After years of anticipation, the Food and Drug Administration will hold a public, two-day meeting starting on Wednesday to review the extent to which so-called off-label information about medicines may be disseminated to physicians.

Nothing will get decided, though. The meeting is designed simply to give the public — drug makers and patient advocates alike — a long-awaited chance to convey their opinions and debate the issue.

Off-label information refers to materials that describe unapproved uses of a drug. Doctors are allowed to prescribe a medicine for an unapproved use, but drug makers have long battled restrictions on their ability to distribute this type of information — such as reprints of medical studies — and have lobbied Congress and the FDA to loosen regulations.

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The FDA, however, has avoided doing so. The agency has regularly voiced concern that public health could be jeopardized if a drug maker distributes information about an unapproved use that has not been proven safe or effective.

As we have reported previously, the industry effort accelerated after a 2012 ruling by a federal appeals court that overturned the criminal conviction of a Jazz Pharmaceutical sales rep, who was prosecuted for encouraging doctors to prescribe a drug for unapproved uses. The court ruled his speech was protected, since the information was truthful and not misleading.

Ever since, drug makers have argued that conveying certain types of information is a free speech issue. But the debate gained steam last year when Amarin filed a lawsuit arguing it had the right to off-label marketing, so long as the information provided to doctors is truthful and not misleading. A federal judge agreed with the company, which reached a settlement with the FDA.

“I believe this meeting will clear the way for the FDA to issue thoughtful guidance on a more liberal sharing of truthful, accurate, and non-misleading off-label information,” said Peter Pitts, a former FDA associate commissioner who heads the Center for Medicine in the Public Interest, a think tank that is funded, in part, by industry. “This is particularly important with a new administration coming in January.”

A parade of a few dozen people will speak, according to the FDA agenda, and agency officials are expected to incorporate their comments in finding answers to some key questions. Among them: what are the benefits for doctors, researchers and payers if they receive off-label information? And how might off-label information affect prescribing, as well as research into new products?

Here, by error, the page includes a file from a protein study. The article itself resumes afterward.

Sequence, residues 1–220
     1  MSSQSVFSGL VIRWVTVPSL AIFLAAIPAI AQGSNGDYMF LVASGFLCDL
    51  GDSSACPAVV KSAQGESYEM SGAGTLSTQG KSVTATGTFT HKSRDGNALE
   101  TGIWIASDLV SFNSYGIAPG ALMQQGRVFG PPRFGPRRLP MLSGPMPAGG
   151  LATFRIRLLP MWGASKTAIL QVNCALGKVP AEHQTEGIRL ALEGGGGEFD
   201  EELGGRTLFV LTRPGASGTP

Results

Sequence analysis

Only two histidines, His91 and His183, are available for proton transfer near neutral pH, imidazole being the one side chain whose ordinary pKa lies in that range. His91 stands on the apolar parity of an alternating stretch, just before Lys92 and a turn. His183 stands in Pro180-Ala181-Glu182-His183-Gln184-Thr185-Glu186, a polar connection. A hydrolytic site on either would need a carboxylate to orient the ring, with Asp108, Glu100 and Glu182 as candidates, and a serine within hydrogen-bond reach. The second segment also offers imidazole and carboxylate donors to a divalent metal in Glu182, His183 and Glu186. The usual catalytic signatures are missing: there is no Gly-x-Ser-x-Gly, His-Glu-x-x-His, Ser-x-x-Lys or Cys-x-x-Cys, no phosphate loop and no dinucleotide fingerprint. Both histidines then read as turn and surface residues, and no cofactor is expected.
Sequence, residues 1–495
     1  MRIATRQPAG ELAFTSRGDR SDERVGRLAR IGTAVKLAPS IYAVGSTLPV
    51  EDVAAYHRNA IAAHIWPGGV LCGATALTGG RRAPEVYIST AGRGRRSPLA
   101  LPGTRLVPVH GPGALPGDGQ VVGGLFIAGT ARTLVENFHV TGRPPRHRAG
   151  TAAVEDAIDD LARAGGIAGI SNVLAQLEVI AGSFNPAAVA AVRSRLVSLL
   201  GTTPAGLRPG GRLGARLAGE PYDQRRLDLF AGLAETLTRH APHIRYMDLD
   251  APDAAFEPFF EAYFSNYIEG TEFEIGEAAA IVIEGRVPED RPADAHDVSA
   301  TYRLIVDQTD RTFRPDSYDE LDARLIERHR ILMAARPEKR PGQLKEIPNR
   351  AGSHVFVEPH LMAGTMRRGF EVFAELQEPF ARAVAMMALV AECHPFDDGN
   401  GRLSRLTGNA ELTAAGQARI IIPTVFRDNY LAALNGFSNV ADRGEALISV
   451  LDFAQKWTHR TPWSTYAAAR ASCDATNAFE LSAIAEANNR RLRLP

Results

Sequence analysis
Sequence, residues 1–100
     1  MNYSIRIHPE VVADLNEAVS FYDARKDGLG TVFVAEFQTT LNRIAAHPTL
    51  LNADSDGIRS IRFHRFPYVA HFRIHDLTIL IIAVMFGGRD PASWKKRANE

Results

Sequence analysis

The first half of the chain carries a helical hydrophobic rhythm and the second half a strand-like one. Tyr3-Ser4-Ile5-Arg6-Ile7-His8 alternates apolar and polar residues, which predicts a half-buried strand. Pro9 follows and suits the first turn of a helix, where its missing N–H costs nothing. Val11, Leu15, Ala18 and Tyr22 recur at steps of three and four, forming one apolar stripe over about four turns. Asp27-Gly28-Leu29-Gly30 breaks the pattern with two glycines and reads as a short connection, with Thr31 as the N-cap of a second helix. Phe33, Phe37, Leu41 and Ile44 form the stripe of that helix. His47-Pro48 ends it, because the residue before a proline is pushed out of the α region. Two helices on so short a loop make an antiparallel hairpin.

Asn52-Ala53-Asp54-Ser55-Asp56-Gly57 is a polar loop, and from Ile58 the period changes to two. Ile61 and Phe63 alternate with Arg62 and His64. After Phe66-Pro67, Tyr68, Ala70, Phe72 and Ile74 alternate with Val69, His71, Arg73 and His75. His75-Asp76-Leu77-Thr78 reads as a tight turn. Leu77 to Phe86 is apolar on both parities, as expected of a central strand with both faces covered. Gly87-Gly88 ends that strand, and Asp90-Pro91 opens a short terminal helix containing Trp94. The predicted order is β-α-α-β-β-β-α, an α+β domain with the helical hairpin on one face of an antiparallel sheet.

What else does FDA hope to sort out?

The agency wants to know how companies evaluate whether off-label information is scientifically appropriate — and not misleading — for communicating to doctors. And the FDA is also interested in assessing which criteria should be considered in determining whether a study used by a company is scientifically appropriate to support conclusions that are distributed.

A few more questions: What other information should be disclosed to ensure audiences are not misled? How effective are disclosures in ensuring that limitations concerning data about unapproved uses are adequately conveyed and understood? And what kinds of surveillance and monitoring should be done to measure and assess the public health impacts of unapproved use communications and by whom?

Critics say that widely disseminating off-label information would be dangerous to consumers.

“What’s the point of having an FDA then?” said Sid Wolfe of Public Citizen, the advocacy group, who will speak at the meeting. “Instead of providing rigorous evidence that a drug is safe and effective, the company could just hand out articles that don’t meet the test of efficacy. If the FDA does what industry wants, it will damage federal law that upholds safety standards.”

And Kim Witczak, an independent consumer advocate who will also speak, said “there are real life consequences. Patients need to know they can trust the medicines they’re given and that these are, in fact, approved by the FDA for the particular use. We shouldn’t be guinea pigs.”

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